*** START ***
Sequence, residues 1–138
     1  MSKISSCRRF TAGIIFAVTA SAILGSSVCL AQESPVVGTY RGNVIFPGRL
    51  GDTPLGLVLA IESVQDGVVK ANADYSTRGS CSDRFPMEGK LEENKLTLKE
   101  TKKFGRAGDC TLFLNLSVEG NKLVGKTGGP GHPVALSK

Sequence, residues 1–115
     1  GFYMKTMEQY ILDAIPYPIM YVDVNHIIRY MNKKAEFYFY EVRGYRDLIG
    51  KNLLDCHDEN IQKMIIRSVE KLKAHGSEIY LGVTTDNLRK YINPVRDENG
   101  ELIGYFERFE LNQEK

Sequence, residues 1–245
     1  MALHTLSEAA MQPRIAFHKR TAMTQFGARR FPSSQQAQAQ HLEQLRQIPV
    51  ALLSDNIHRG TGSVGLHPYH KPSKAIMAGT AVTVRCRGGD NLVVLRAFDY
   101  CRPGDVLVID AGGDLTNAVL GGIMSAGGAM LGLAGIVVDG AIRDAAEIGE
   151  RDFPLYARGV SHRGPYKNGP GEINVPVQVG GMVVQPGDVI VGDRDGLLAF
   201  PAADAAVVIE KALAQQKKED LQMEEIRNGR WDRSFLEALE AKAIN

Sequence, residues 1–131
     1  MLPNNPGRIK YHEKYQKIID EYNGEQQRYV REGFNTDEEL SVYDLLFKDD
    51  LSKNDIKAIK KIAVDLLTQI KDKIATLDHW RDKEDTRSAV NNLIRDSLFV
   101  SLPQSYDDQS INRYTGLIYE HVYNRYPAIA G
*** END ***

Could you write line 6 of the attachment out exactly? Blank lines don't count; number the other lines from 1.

     1  GFYMKTMEQY ILDAIPYPIM YVDVNHIIRY MNKKAEFYFY EVRGYRDLIG